Advanced Routing

This chapter provides detailed information about the Advanced Routing concepts and procedures. You will learn various instruction on how to create Advanced Routes, subscribe user accounts to Advanced Routing applications and assign route package templates to user accounts.

In addition to configuration descriptions, you will be able to observe some example basic and advanced use cases.

The final topics of this chapter also contain instructions for Advanced Routing best practices and troubleshooting.

Advanced Routing overview

Advanced Routing (AR) provides a mechanism for multiple routing and transformation iterations over one or more files. As the name suggests, it allows the SecureTransport administrator to create diverse patterns for file transformations and movement (routing) across different partner systems and internal entities. UI-wise, Advanced Routing is a standard SecureTransport application: in order to use it, either an account or account template must subscribe to it.

Advanced Routing (AR) is the most complex application, both in terms of configuration and possible use cases. Using it involves concepts and terminology that are entirely AR-specific. In order to take advantage of these concepts, you must first understand the aspects of AR and the great multitude of file transfer scenarios it covers.

What can Advanced Routing do?

AR allows you to configure complex sets of actions (called route steps) to apply on one or more files during a transfer process. Route steps are divided into two categories: transformation (modification) and routing (transferring) of files.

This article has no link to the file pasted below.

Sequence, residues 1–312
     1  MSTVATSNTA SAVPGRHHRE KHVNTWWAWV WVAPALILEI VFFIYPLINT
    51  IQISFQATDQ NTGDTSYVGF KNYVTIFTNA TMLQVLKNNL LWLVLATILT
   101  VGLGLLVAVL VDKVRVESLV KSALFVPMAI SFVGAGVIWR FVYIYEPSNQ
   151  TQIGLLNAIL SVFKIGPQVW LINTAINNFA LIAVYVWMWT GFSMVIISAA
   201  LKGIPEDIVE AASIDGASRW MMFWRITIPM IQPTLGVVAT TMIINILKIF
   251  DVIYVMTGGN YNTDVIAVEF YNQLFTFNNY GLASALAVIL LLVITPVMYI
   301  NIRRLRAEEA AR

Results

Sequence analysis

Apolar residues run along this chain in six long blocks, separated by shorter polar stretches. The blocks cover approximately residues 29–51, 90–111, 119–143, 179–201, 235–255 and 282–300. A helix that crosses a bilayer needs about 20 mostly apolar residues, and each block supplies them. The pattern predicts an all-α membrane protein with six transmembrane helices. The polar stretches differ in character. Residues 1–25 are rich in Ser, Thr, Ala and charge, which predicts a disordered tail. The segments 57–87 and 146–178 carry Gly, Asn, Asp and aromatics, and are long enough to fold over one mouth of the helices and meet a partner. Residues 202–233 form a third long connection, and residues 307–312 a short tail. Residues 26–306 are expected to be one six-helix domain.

• Transformation of files – this includes several predefined file modifications: you configure in what way you to modify (transform) a file. For example, you can apply PGP encryption/decryption, compression/decompression, character replacement or renaming of filenames, etc.
  • Routing of files – this is a definition of the AR file transfer: you configure where you want to send your file.

Each transformation or routing is defined as a step in a route. For example, if you want to 1)encrypt a file, 2)send it to the subscription folder of a selected account and then 3)decrypt it, you must perform one step per each action, three in total. These three steps form the route.

Summary: Route steps are definitions for actions you apply to one or more files in a specific order. A set of route steps forms a route.

Advanced Routing allows you to add more routes if you need to. You decide how many steps you’ll have in each of your routes. Theoretically, your route package can include as many steps as you want; however, it is not recommended to have too many as it might adversely affect performance.

For best UI experience, it is recommended that you understand the terminology introduced with AR.

Advanced Routing glossary of terms

The following terms and concepts are introduced with Advanced Routing:

  • Route and route steps
  • Advanced Routing provides advanced transformation and routing capabilities to file transfers. Each transformation and movement of files is performed in a route. A route is a set of (route) steps which are consecutively executed. The order of step execution is defined in the routes and the eventual processing of steps is triggered by predefined conditions. Only AR file transfers use steps. You can have multiple steps defined in a route. Each step performs either of the two possible actions: file transformation or file routing.
  • Note that both Transformation and route execution can be based on file path/name patterns or other environment variables
  • Step conditions
  • Each step you define has a triggering condition associated with it. You can trigger step execution either by using EL or always (unconditionally).
  • Route package
  • A collection of routes defines a route package. The routes in a package process the file in parallel: this means that no order in route execution is defined. Route package is performed on the Account level and is an instance of the Route Package Template.